13Survey and Certification Letters Guidance, clarifications and instructions to State Survey Agencies and CMS Regional OfficesMay simply provide clarification of an existing federal tagMay accompany a new or revised tag with an explanation and instructionsCommunications from CMS
14S & C NHDementia Care in Nursing Homes Released May 24, 2013 Provides clarification to Appendix P State Operations Manual (SOM) and Appendix PP in the SOM for F309 – Quality of Care and F329 – Unnecessary Drugs
15S & C NHNew Dining Standards of Practice Resources Available Released March 1, 2013
16New Dining Practice Standards August 2011 – Pioneer Network Food and Dining Clinical Standards Task ForceGOAL STATEMENT: Establish nationally agreed upon new standards of practice supporting individualized care and self‐directed living versus traditional diagnosis‐focused treatment.ningPracticeStandards/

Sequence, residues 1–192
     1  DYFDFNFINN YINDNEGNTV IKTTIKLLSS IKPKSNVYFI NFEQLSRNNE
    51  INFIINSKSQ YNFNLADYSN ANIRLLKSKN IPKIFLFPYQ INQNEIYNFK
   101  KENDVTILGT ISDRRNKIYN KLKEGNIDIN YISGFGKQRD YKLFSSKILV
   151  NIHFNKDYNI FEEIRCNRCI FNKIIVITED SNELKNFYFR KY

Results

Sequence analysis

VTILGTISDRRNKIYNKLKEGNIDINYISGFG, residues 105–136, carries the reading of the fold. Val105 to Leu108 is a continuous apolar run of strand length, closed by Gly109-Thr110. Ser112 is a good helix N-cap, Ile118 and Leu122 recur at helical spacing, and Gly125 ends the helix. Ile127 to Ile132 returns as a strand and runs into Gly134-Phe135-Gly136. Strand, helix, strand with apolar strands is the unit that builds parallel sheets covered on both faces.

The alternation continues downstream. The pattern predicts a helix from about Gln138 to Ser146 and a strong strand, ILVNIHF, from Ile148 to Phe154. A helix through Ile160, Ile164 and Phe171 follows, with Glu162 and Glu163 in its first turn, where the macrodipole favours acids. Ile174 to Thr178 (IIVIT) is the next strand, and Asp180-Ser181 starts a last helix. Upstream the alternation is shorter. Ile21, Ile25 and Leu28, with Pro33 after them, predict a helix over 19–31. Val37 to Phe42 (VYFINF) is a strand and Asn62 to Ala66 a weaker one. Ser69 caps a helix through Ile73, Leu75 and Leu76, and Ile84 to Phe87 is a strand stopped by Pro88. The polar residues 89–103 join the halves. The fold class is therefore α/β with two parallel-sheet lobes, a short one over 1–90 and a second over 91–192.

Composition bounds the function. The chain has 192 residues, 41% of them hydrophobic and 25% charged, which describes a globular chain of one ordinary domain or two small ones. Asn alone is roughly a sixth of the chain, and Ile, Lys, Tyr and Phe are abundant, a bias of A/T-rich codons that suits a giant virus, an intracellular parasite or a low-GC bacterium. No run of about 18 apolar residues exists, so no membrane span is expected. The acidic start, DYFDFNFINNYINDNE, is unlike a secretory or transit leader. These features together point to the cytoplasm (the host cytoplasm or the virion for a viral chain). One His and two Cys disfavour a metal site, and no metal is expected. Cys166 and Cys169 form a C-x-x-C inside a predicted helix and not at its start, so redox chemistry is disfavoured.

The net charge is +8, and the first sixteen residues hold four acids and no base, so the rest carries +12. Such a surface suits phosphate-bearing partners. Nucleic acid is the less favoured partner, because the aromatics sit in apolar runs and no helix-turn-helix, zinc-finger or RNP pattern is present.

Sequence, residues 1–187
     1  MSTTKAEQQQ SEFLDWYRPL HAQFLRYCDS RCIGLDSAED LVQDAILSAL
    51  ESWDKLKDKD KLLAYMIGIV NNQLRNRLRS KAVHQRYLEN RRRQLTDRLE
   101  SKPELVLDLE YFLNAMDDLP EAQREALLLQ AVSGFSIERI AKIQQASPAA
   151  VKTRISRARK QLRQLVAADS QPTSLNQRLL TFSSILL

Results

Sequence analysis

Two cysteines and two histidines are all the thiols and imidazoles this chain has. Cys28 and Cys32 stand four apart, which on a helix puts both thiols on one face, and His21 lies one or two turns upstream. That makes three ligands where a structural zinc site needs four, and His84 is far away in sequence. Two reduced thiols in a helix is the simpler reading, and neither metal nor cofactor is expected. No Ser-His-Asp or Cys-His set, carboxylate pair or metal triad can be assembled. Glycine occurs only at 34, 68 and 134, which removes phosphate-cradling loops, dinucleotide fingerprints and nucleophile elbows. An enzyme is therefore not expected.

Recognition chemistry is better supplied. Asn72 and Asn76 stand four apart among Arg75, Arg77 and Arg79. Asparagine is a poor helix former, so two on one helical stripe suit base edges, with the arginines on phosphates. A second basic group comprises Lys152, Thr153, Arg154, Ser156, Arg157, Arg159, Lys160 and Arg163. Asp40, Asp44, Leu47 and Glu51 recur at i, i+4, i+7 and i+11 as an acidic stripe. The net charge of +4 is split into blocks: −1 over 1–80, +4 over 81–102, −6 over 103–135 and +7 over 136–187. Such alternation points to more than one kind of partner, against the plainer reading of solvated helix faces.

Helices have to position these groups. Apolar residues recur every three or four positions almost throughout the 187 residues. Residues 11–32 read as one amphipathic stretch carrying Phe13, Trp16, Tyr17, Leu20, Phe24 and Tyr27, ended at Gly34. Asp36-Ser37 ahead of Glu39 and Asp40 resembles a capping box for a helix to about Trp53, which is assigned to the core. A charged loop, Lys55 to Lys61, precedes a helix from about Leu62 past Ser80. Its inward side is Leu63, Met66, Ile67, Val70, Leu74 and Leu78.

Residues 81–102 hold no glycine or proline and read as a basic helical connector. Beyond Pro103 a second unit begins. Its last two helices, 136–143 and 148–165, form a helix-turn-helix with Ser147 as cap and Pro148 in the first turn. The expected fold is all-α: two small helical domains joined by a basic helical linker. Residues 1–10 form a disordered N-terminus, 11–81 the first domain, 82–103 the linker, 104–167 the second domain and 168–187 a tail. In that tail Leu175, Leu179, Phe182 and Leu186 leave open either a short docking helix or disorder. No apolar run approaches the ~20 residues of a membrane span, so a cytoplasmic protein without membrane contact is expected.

17New Dining Practice Standards Nine StandardsIndividualized Nutrition Approaches/Diet LiberalizationIndividualized Diabetic/Calorie Controlled DietIndividualized Cardiac DietIndividualized Altered Consistency DietIndividualized Tube FeedingReal Food FirstHonoring Food ChoicesShifting Traditional Professional Control to Individualized Support of Self‐Directed CareNew Negative Outcome
18Person Centered Care Offer resident choices Encourage individual resident decisionsHomelike atmosphereLess institutionalReplace large units w/smaller onesEliminate/reduce overhead pagingClose relationships between resident and staff – promotes same care givers (consistent staffing)
19Diet determined with the person and in consideration of his/her informed choices, goals, and preferences rather than exclusively by diagnosisConsider beginning with a regular diet and monitoring the individual response to it, unless a medical condition warrants a restricted diet.